BBG Watch offers a wide range of commentaries on current issues in U.S. international media outreach, public diplomacy, disinformation, and propaganda.

The following commentary is by The Federalist, one of our longtime observers of the Broadcasting Board of Governors (BBG), the federal agency in charge of the Voice of America (VOA) and other U.S. taxpayer-funded media outlets providing news programs to audiences abroad.

All views expressed are those of the author.

Bureaucracy Warning Sign

Voice of America Information War: Dead

Conundrums of Self-Promotion

By The Federalist

Here is something that caught our attention:

“Andre Mendes Path From CIO To CEO Of The Broadcasting Board Of Governors,” (June 22, 2015) by Peter High a contributor to Forbes Magazine.

Here is the link:
Andre Mendes Path From CIO To CEO Of The Broadcasting Board Of Governors.”


For comparison and balance, you will also find texts of recent Andre Mendes staff memos at the end.

What’s Wrong With This Interview? Plenty

In reading the article, one would think that (a) the agency is an example of a finely-tuned, well-oiled machine in the Federal government and that (b) Mr. Mendes, by intimation, is largely responsible for it.

But there is a problem.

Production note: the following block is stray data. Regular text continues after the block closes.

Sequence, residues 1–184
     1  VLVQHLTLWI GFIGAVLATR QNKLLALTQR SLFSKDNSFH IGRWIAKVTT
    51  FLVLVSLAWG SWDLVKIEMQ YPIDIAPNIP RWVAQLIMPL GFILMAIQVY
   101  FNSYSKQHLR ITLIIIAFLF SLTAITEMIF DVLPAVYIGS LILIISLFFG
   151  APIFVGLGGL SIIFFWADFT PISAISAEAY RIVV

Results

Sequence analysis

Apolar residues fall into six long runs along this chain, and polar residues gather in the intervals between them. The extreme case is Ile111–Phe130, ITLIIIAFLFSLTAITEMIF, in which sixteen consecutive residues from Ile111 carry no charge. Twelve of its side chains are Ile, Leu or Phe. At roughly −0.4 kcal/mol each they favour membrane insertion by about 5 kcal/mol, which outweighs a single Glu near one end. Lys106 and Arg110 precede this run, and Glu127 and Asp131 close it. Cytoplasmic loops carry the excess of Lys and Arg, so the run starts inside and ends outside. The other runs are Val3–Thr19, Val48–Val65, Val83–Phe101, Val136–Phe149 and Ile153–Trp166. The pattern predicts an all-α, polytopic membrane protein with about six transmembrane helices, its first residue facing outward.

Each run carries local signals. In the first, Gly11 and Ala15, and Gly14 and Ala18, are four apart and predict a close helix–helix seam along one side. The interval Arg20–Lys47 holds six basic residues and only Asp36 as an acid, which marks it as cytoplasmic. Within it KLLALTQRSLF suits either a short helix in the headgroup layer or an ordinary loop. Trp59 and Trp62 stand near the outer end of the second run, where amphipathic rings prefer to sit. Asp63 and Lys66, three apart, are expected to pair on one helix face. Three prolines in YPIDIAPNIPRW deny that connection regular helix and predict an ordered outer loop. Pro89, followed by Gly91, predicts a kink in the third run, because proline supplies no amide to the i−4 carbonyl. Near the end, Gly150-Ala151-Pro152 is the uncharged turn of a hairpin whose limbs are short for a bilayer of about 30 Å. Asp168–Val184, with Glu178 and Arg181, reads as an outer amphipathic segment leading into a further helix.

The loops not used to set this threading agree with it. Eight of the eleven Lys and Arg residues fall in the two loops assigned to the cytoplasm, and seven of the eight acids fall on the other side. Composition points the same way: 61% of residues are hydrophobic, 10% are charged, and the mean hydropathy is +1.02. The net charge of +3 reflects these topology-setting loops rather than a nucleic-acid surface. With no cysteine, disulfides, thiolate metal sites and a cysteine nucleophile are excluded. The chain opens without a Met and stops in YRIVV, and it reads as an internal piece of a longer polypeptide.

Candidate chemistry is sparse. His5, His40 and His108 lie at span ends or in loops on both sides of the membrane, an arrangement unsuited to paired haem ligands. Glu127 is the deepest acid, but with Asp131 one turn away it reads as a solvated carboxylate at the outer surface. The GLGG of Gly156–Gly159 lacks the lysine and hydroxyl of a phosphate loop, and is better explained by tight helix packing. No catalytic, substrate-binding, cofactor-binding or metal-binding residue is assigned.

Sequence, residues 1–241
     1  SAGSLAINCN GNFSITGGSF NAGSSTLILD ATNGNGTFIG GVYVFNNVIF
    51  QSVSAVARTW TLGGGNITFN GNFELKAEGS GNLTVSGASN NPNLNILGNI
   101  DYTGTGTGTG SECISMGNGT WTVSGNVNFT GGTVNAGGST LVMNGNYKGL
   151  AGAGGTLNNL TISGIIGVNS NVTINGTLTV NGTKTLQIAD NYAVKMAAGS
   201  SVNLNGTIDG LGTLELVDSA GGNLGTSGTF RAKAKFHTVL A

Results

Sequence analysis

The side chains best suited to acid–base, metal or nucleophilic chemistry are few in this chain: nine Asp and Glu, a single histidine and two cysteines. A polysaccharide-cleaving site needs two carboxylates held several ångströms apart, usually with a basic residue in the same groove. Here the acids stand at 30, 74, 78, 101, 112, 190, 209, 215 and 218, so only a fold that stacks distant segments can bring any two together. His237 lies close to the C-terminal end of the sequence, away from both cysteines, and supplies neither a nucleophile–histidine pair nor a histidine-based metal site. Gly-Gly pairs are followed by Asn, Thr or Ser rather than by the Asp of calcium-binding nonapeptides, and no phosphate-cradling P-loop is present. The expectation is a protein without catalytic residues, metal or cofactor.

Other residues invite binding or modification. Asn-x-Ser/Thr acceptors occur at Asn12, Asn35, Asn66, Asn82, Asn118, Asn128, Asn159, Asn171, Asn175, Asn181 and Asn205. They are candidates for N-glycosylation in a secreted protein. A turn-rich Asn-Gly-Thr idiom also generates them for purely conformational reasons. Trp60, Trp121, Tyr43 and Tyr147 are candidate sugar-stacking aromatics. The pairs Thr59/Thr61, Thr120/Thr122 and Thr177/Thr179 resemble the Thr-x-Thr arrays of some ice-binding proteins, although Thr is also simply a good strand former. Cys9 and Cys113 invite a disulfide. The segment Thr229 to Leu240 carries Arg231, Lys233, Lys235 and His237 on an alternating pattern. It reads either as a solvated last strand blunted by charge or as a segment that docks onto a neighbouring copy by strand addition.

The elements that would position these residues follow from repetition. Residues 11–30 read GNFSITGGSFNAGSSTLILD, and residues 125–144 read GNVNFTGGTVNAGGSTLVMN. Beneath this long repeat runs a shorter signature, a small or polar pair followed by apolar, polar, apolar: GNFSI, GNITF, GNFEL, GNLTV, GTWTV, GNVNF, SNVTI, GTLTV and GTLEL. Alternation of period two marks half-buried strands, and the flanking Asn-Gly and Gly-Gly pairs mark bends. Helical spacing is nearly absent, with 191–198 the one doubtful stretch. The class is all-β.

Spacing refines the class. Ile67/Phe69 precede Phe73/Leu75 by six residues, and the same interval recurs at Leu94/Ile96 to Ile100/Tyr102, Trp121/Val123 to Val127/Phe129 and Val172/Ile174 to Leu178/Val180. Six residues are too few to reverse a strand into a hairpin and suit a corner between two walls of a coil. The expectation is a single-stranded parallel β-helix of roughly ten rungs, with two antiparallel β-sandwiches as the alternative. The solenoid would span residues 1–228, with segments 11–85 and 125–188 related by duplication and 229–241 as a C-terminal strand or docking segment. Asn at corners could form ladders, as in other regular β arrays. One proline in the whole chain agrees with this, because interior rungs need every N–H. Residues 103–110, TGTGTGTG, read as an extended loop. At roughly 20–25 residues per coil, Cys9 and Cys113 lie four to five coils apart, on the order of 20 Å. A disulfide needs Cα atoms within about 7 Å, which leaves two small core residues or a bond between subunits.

In its effect, the interview distorts a broad array of serious issues confronting this Federal agency.

This interview may be one of those instances when compulsive bragging overpowers reason. We explain:

From this interview the reader would not know:

  • This agency is one of the worst-managed organizations in the Federal Government (confidence in senior leadership, among others) according to numerous Federal Employee Viewpoint Surveys (FEVS) conducted by the Office of Personnel Management (OPM), and seemingly is permanently so.
  • You would not know that Andrew Lack, chosen by official action to be the agency’s first choice for CEO left the agency short of two months in the position.
  • You would not know of significant legislation working through the Congress to reform this agency and the reasons why.
  • You would not know of myriad congressional hearings, Office of Inspector General (OIG) reports and analyses both inside and outside government regarding salient deficiencies in the operations of this agency.